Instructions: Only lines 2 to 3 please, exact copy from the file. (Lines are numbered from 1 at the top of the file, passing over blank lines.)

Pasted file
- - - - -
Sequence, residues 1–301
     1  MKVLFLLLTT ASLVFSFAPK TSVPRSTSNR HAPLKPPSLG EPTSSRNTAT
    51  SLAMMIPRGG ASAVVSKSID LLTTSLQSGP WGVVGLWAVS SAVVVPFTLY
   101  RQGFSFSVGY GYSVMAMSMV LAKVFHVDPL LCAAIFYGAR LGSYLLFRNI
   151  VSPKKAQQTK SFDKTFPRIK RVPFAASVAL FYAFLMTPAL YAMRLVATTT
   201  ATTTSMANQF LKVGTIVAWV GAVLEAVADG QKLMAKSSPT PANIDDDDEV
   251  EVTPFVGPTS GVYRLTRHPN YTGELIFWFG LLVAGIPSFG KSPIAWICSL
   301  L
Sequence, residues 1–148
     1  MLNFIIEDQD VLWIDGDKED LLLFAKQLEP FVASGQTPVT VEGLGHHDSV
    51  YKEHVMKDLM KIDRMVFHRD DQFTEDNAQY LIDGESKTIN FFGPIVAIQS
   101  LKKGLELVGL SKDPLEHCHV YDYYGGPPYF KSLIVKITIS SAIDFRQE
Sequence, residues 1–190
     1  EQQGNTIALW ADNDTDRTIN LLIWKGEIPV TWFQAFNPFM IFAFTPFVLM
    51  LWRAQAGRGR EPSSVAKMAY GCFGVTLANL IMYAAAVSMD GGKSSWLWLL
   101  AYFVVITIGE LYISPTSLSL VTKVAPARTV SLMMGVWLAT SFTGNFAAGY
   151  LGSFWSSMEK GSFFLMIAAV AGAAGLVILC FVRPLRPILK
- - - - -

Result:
     1  MKVLFLLLTT ASLVFSFAPK TSVPRSTSNR HAPLKPPSLG EPTSSRNTAT
    51  SLAMMIPRGG ASAVVSKSID LLTTSLQSGP WGVVGLWAVS SAVVVPFTLY